Little pockets of paradise in Egypt

Hurghada, a resort town on the Red Sea, offers pleasures fit for a pharaoh and is home to some of the best beaches and diving spots in the world.
Little pockets of paradise in Egypt

At first sight Hurghada resembles old photographs of Las Vegas. Appearing in the sand, a few hours from Luxor, is a concrete jungle under construction, sporting a multitude of hotels of all shapes and sizes, all claiming to have the &lsquobest private beach&rsquo in the area. Beside them mushroom boxy residence complexes, ready to accommodate the thousands of workers expected to shift here to cater to the growing tourist industry. The heat is overwhelming and the air ripples above the asphalt as we drive towards our resort. Yes, at first sight, Hurghada doesn&rsquot look inviting at all.

But as soon as we catch the first glimpse of the blue tapestry of the sea and our feet sink into the fine white sand, we discover that far from the concrete and traffic, there are little pockets of paradise, &lsquoprivate&rsquo&mdashbut accessible and inviting to whoever is ready to pay.

Beach, sun, sand and some of the finest diving sites in the world are what attract tourists to this part of Egypt, which is a world apart from the pyramids and the Nile Valley. And leaving aside the vibrant nightlife, the few souqs and the desert safaris, almost everything here happens in and around the water.

Hurghada is not the place to go to on a low budget if you want to experience the best beaches and the best diving. Most of the beaches are private, so make sure you book a good resort. A lot of the resorts are &lsquoall inclusive&rsquo and many of them offer so many activities and facilities that one may never want to wander outside. The larger ones have spas, zoos, playgrounds, discos, bars, libraries, diving centres, a number of pools and even small theatres.

The Oberoi, Sahl Hasheesh is an oasis of calm set against the sparkling blue of the sea and oh-so-different from the modern monstrosities I had seen on the way. We checked into our private cottage suite, surrounded by palm trees and pink bougainvilleas, with the beach and the sea in our &lsquobackyard&rsquo. Dropping our bags we headed out to the beach. For nature lovers, this is where the journey begins. Crabs sidled by, while fish fed so close to the beach, that their vibrant colours were clearly visible. We even saw a turtle swimming against the waves towards the open sea. The waters here have the most amazing variety of colours. I counted not less than five hues&mdashfrom delicate transparent sea-green, through sparkling turquoise, to deep indigo blue. It is like a living and ever changing canvas.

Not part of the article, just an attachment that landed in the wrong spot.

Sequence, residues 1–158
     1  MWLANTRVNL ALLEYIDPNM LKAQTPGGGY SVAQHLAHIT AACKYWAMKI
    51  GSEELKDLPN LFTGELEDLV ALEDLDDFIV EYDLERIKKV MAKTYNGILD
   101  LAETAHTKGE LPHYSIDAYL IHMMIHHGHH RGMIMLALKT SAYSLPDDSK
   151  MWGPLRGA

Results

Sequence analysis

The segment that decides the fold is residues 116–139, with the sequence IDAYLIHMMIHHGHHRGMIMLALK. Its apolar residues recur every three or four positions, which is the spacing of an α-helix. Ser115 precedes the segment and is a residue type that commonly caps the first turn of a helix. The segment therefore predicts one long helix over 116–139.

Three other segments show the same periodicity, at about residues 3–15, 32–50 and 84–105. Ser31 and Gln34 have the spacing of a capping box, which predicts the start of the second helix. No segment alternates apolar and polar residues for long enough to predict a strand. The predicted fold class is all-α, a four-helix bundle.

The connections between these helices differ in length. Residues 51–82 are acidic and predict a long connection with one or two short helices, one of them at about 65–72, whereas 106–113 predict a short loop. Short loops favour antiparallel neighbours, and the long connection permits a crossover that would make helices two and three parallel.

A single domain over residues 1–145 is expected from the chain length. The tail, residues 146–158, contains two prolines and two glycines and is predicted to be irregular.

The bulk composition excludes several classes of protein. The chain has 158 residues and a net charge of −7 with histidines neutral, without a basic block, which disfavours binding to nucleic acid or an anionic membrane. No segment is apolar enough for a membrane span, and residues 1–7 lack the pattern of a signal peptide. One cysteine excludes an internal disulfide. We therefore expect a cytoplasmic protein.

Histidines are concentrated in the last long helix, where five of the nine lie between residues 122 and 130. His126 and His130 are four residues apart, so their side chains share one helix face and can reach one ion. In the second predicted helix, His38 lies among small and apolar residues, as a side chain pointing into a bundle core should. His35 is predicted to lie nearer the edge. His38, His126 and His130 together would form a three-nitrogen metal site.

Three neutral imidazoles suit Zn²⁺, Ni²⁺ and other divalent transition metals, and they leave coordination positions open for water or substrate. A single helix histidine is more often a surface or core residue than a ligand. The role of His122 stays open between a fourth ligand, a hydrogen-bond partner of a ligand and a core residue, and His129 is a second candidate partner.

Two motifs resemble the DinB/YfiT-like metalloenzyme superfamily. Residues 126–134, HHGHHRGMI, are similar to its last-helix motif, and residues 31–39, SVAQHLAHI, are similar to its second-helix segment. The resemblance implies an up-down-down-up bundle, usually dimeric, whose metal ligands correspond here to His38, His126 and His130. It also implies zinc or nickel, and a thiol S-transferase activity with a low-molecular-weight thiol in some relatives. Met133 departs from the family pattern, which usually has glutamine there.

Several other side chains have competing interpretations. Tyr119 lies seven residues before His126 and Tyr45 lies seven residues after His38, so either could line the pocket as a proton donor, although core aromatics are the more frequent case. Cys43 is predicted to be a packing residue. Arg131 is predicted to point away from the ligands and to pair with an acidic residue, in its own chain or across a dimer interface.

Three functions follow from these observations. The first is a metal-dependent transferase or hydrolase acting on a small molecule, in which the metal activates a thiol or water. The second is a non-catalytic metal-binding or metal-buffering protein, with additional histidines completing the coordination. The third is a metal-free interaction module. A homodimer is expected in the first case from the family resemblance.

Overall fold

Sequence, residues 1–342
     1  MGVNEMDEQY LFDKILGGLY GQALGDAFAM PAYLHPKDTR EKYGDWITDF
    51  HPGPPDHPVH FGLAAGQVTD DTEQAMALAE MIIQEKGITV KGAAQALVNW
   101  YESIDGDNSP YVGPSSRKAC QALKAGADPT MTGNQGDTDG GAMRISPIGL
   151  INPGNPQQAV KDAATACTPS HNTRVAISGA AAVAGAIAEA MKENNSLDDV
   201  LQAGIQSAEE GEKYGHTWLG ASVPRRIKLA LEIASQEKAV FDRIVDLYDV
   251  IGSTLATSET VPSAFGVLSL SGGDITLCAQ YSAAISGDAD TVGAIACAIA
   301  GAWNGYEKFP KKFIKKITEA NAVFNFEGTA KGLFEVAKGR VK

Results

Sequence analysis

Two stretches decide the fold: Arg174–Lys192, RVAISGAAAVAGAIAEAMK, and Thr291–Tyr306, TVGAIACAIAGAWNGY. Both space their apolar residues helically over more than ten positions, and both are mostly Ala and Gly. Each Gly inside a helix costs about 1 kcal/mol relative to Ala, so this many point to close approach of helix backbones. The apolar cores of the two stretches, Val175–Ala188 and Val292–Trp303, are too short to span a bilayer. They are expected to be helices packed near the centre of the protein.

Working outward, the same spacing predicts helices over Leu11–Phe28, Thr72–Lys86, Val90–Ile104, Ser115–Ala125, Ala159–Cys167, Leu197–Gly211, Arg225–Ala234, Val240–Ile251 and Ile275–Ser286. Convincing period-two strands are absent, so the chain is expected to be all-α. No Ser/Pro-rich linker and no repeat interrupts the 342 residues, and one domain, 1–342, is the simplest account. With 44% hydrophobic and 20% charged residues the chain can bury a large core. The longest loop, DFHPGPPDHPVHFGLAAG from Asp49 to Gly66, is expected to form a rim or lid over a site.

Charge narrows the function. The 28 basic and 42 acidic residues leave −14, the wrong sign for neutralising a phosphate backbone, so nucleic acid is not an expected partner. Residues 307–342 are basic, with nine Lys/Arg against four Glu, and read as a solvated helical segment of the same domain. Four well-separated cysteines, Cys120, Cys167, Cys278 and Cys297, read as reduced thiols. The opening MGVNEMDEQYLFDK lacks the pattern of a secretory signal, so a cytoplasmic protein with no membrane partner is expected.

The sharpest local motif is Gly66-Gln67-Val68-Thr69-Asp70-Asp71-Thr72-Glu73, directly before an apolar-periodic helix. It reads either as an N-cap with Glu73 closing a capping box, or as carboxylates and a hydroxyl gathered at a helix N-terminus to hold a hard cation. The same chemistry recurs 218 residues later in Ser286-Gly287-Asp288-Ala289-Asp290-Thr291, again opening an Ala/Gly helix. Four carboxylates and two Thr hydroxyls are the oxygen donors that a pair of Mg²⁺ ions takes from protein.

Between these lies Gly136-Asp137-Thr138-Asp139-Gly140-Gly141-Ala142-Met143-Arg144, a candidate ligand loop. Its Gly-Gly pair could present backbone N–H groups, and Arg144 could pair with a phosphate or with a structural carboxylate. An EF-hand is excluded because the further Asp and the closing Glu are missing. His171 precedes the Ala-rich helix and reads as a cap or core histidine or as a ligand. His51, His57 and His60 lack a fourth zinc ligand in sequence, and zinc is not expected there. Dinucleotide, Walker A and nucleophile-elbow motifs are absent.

Diving and snorkelling are the highlights of any trip to a resort on the Red Sea. Our diving instructor is one of those Westerners with a flowing blond ponytail, who came to Hurghada a few years earlier and never left. My husband enrols for a crash course in diving in the swimming pool, while I, too scared of deep waters, opt for the safer snorkelling, accompanied by one of the beach boys.

The warm waters here are ideal for many varieties of rare fish and coral reefs. The sea is populated by more than 1,000 species of marine life, of an indescribable variety of sizes, shapes and colours. Reef sharks, stingrays, dolphins, sponges, sea cucumbers, mollusks, grouper, wrasse, parrotfish, snapper, sea urchins, turkey fish, stonefish, to name a few, live in vast coral reefs. There are also several varieties of turtles, all of them protected. No wonder an international panel of scientists and conservationists designated the Red Sea as one of the Seven Underwater Wonders of the World. The most beautiful coral reefs, they say, are found around islands off Hurghada, of which Giftun (about 10km from Hurghada) is the largest. The islands have been incorporated in the Red Sea Protectorate and access to them is restricted.

My first snorkelling dip is spectacular. The water is crystal clear. The beauty of the coral reefs and of the fish unreal. In this giant parallel city growing under the surface of the sea, life goes on in complete silence and order. Some fish are loners, while others swim in big schools. I&rsquove always thought of corals as being white or beige, but after a while I stopped counting the variety of hues they come in. The fish seem unperturbed by human presence in their domain and swim so close by that one can almost touch them. We swim from the tip of the resort jetty back to the beach, which is quite a distance, but with the underwater saga unfolding in front of my eyes, I hardly feel tired. I feel safe with the experienced beach boy, who points out interesting fish and coral formations.